Three Nonverbal Signals We Can’t Escape
There are a bunch of nonverbal signals, but for the sake of brevity, I will focus on facial expressions, clothes, and body posture. It is vitally important to be aware of our external appearance, because this is what the world sees. Relationships and job opportunities are gained, or lost, because of judgments made by individuals whom we barely know. Observing and interacting with others is the best way to learn about communication, but first, we need to know what to look for.
The face is the first place most people will look. When meeting someone for the first time, smile! A calm and relaxed smile lightens the mood and prepares the receiver for an intimate interaction; whereas scowling unsettles the viewer (no one wants to piss off the person who already looks pissed off).
While listening to someone, a neutral face will indicate attentive listening. After initial interactions, it’s best to respond appropriately to the verbal communication being sent (e.g., laugh and smile if a joke is funny). Act natural, because acting the way we think someone wants us to will lead to misunderstandings later on (e.g., laughing at the boss’s jokes early on, which made them think they were hilarious, and now they keep telling unappealing jokes).
I wear activewear whenever possible, and I am aware of the message it sends—comfort, not conversation. Clothes communicate intentions before a single word is spoken. Appropriate dress attire requires an understanding of the environment and the people in attendance. For a date, I highly advise putting on nice clothes; but again, be authentic. It’s a good idea to have clothes for at least 3-5 dates, and then slowly dress down to your preferred fashion (also, forewarn them about your activewear obsession). When dressing for a job interview, always, ALWAYS ask what attire is appropriate—don’t wear a dress shirt and tie to an Applebee’s hosting interview (trust me on this one, I looked like the interviewer’s boss).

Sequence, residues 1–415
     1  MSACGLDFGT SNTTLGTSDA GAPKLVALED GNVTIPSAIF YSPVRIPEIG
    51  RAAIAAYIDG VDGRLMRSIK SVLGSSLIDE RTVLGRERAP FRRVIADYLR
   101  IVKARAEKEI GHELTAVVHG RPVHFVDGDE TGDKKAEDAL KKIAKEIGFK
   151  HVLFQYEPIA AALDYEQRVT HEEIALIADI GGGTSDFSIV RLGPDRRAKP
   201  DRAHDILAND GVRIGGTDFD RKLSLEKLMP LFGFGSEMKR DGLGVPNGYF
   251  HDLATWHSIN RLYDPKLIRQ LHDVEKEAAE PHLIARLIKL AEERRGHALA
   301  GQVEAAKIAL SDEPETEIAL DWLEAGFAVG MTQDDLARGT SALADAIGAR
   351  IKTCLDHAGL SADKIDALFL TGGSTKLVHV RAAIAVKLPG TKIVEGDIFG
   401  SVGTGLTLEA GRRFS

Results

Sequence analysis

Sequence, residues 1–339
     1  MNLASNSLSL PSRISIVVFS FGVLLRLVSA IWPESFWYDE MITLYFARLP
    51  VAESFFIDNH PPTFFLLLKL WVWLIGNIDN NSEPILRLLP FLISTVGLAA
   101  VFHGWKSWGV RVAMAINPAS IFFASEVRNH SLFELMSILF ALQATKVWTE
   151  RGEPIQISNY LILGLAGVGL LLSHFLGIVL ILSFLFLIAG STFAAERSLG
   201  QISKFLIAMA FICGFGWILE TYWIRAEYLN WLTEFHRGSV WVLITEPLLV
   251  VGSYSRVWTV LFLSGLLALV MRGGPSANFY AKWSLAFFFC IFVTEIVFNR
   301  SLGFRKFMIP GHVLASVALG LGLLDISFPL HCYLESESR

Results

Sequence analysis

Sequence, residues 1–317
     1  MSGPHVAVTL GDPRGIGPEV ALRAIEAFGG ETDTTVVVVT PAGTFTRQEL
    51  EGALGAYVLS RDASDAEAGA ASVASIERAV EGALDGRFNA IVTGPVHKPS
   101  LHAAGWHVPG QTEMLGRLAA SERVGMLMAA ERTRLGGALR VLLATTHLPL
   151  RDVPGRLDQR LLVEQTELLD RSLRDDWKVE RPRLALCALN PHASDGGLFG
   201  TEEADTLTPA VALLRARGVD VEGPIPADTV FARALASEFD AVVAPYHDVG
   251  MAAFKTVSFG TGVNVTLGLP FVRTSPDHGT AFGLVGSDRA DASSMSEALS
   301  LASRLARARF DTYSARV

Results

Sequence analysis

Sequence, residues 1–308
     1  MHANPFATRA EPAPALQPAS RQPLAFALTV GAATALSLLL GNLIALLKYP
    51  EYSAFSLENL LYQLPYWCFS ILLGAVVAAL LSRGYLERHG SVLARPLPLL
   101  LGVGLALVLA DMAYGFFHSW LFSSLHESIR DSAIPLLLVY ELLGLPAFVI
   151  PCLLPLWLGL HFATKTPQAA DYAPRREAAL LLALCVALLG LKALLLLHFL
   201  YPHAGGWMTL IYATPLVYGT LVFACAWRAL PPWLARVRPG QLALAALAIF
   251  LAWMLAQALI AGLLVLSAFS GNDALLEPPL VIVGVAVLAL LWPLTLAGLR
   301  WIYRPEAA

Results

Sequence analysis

Body posture is one of the more ambiguous forms of nonverbal communication, but one of the easiest to adjust. Unlike facial expressions, which requires a mirror to observe, we can immediately scan our posture. Are our shoulders pulled back to assume proper posture for confidence and spinal health, or, are we slouching and conveying a sense of vulnerability?
“What do I do with my hands?” (Ricky Bobby, Talladega Nights). Crossed-arms while listening to our significant other is a real no-no; open those wings up a bit and engage with the conversation (see gesticulate). Crossed-arms communicates a defensive position, which is rarely the sender’s conscious intent (pointing this out at parties is a great conversation starter . . . and an even faster killer).
- Practice smiling in a mirror, then make as many facial expressions as possible; make sure to pay attention to the way your facial feels!
- After getting dressed, stand in front of a mirror. How do your clothes make you feel? Comfort is extremely important, but make sure you feel confident with what you’re wearing (especially if it’s for a date or work).
- Check your body posture at least once per day when having a conversation (e.g., at school or work). Remember, shoulders back and down, arms open.
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